Easy Tips for Improving Food Photography for Beginners

Improve Food Photography -Easy Tips for Beginners

I often get asked photography questions.  About what camera I use and how to improve food pictures.

To be honest, I do not feel qualified to answer these questions.  Until about 4 months ago, I really only knew how to use a point and shoot camera on an auto setting.  That’s it.

It seems silly, really.  I grew up around photography.  My family has owned a studio photography business my whole life.  Its not that they weren’t willing to teach me, I just never showed an interest in it and they weren’t the kind to force their own passion on me.

Now in my adult years I have found my interest in photography through my passion for food.  I love to share what I create in the kitchen with the world and I knew I needed better pictures to do that.

So I turned to my best resource, my amazing mother.  She has taught me a few really easy and simple tips to greatly improve my photography.  I’m sure I will work with her more to learn more advanced techniques in the future but until then here are a few basic tips for those of you who are beginners like me and are wanting to improve your pictures.

Improve Food Photography -Easy Tips for Beginners

#1: Use Natural Light

One thing I do know from growing up in a photography studio is that photography is all about lighting.  I remember watching my mom and dad pull huge lights around the studio, adjusting them up and down, and adding reflectors to bounce the light around.  It all seemed very complicated, but they seemed to know exactly what to do.  So for those of us that do not own fancy lighting, the easiest way to get nice lighting for food pictures is to use the sun light.  I know this can get tricky, especially for those of us that work a full time job. But in my personal opinion, if I can’t take pictures with natural light it isn’t worth doing at this point.  I also feel like sunlight breaths life into my pictures.  It just makes the food look more real and delicious.

Improve Food Photography -Easy Tips for Beginners

#2: Turn Off Your Flash and Utilize Your ISO Settings 

This goes along with the same thinking as using only natural light.  A camera flash is difficult to control, especially if it is built in.  If you find that your pictures are still looking underexposed when using natural light, you can adjust your ISO settings.

In film photography, ISO refers to how sensitive the film is to the light. In digital photography, ISO mimics its function in film photography.  Higher ISO numbers are meant for lower light situations.  Typically, I try to use the lowest ISO possible for the lighting situation because a higher ISO produces more noise, or graininess, in the picture.  But if you find yourself in a low light situation, bump up your ISO and it is essentially like the sun came out.

Improve Food Photography -Easy Tips for Beginners

#3: White Balance Your Camera

One of the biggest things that can make a food picture look unappetizing is a picture that is not white balanced.  I still have difficulties with this at times.  Typically I leave my camera on “auto white balance.”  However, at times the color still looks too orange or too blue.  If this happens you can go through the various white balance settings (daylight, shade, cloudy, tungsten, florescent) until the color looks right.  DSLR camera’s also have manual white balance settings for you to set the balance yourself if the preset settings are not accurate for the lighting situation.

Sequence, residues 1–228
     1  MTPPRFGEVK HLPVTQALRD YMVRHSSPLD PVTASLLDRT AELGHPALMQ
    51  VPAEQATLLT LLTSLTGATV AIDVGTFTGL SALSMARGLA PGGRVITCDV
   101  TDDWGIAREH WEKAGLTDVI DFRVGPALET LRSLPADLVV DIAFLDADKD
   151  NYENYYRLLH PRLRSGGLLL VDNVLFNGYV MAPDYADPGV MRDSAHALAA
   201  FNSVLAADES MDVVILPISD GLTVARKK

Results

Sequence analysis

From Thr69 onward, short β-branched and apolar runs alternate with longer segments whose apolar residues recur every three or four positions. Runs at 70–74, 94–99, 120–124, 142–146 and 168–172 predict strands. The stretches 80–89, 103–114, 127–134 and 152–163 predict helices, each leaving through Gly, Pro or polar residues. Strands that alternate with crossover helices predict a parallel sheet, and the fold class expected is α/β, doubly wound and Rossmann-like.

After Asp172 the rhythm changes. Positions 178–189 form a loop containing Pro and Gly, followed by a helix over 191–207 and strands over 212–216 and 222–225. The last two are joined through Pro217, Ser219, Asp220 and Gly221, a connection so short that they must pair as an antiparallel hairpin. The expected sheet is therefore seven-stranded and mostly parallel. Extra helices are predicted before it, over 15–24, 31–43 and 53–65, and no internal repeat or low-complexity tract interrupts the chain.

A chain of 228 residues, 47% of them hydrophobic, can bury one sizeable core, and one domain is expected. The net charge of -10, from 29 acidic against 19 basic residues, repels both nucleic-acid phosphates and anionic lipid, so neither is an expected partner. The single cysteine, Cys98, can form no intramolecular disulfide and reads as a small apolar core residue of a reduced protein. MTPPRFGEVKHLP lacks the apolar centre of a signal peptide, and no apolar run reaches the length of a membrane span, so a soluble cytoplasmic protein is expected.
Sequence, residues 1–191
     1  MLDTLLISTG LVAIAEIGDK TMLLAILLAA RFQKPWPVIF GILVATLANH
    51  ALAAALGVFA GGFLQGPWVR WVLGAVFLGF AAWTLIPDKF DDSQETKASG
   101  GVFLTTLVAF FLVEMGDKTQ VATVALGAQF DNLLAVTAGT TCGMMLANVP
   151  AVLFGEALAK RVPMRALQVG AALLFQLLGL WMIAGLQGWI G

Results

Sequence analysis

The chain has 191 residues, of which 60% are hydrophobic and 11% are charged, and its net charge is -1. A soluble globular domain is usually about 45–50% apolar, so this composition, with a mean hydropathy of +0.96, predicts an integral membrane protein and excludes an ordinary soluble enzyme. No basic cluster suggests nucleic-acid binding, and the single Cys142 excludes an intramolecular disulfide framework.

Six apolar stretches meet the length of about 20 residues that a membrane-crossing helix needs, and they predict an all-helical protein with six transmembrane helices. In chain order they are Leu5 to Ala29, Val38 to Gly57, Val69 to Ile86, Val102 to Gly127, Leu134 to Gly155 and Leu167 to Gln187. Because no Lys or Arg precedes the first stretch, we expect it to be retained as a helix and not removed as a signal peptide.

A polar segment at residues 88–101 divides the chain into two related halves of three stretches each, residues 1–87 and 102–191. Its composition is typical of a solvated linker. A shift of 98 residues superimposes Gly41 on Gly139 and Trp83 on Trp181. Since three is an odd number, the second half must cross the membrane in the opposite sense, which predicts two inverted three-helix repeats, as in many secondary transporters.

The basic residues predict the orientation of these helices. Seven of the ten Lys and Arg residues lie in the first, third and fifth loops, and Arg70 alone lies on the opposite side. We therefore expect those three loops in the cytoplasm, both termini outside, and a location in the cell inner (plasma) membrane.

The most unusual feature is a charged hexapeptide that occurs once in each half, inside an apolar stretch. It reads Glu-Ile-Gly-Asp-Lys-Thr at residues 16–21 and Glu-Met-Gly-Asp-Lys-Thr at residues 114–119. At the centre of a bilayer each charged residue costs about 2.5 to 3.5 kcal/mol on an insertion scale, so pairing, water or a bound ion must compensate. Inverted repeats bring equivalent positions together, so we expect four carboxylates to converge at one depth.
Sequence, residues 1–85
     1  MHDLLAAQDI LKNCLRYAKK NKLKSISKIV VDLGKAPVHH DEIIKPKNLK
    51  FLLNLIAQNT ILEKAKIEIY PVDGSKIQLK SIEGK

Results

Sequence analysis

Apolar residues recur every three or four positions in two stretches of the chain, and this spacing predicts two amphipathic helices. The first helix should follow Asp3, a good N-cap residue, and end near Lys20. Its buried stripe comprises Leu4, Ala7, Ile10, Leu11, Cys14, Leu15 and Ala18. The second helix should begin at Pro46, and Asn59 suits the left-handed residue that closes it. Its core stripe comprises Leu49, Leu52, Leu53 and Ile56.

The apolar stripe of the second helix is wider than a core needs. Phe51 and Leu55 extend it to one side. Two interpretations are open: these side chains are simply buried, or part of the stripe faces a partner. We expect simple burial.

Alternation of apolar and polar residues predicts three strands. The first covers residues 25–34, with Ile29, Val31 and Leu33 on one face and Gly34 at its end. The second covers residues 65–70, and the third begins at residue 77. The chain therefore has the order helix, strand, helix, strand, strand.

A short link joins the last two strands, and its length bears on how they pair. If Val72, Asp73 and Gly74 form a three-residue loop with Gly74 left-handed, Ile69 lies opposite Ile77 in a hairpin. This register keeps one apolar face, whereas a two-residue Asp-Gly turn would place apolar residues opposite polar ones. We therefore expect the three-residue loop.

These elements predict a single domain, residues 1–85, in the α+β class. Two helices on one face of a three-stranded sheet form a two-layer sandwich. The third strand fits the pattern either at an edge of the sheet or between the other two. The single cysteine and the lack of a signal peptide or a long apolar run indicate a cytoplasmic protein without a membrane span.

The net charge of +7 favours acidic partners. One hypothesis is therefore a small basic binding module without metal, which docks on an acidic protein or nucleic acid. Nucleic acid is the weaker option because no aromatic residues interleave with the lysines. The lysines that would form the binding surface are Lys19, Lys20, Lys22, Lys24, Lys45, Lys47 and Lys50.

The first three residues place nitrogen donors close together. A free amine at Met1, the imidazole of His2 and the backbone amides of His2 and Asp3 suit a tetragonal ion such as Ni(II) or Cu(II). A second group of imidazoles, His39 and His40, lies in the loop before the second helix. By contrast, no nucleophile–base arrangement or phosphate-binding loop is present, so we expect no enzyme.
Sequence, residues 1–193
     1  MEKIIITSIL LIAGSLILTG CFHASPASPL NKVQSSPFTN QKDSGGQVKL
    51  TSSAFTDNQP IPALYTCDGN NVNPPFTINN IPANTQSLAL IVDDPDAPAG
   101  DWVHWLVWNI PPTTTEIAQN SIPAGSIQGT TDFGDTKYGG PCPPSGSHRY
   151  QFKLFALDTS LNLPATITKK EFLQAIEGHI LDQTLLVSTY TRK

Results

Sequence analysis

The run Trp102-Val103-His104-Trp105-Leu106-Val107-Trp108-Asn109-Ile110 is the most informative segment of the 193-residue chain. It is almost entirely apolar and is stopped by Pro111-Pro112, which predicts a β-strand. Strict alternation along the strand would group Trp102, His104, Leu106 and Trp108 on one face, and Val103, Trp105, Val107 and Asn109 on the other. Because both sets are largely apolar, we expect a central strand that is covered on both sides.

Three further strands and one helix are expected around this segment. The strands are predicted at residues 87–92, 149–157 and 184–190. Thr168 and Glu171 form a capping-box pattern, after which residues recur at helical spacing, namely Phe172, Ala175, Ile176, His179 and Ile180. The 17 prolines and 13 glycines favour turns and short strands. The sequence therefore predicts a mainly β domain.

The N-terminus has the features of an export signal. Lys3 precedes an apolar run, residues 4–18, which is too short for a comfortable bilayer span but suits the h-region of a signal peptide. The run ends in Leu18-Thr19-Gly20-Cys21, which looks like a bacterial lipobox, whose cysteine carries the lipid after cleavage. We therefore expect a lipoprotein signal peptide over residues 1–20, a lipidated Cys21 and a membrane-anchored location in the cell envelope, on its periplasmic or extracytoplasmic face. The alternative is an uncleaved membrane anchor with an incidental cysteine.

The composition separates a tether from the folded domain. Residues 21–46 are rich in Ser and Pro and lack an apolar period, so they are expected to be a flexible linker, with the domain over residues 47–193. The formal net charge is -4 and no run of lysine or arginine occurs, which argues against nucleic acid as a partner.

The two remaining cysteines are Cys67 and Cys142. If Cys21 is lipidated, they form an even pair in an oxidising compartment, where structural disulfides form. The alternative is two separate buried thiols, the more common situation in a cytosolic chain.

Improve Food Photography -Easy Tips for Beginners

Improve Food Photography -Easy Tips for Beginners

Improve Food Photography -Easy Tips for Beginners

There you have it.  The few simple things I have learned to greatly improve my pictures.  My biggest advice is to turn off your auto setting and switch to manual.  Even on a point and shoot camera, there are settings you can manipulate that will help you improve your pictures.  Play around with it!

Edit: I recently purchased Pinch of Yum’s Tasty Food Photography E-book.It is incredibly easy to follow and filled with amazing tips for beginners and a few advanced tips too! I highly recommend it for improving food photos.

Click here to visit Pinch of Yum.

Tasty Food Photography eBook

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Comments

  1. says

    thank you so much for this post! It’s already helped me get more out of my photos. I struggle with lighting around here as well, and it’s great to have some tips on how to work around that. you have absolutely gorgeous photos, and the help is appreciated.

  2. andrew says

    thanks for the tips. i been using a point and shoot camera until recently so this whole dslr stuff gets confusing, especially when taking pictures of food. i myself like to take pics of what i cook, im a cook. however, most my cooking, roughly 90%, happens at night, when there is no natural light. but even during the day, my house doesnt get any actual sun in…its positioned in such a way that light doesnt actually enter the room, its all very soft light. guess i need to up the iso and white balance then, in that case. little by little. photoshop helps in fine tuning the pics too :) but if you can get any tips from that mom of yours about night photography involving artificial light, that will be awesome!
    thanks again, Andrew

    • Baker Bettie says

      I feel your pain with the cooking at night it can be a challenge. There are a lot of tutorials online about building your own lightbox that can be fairly inexpensive. I think that would be the way to go. Basically anything you can do to avoid using your on camera flash is helpful.

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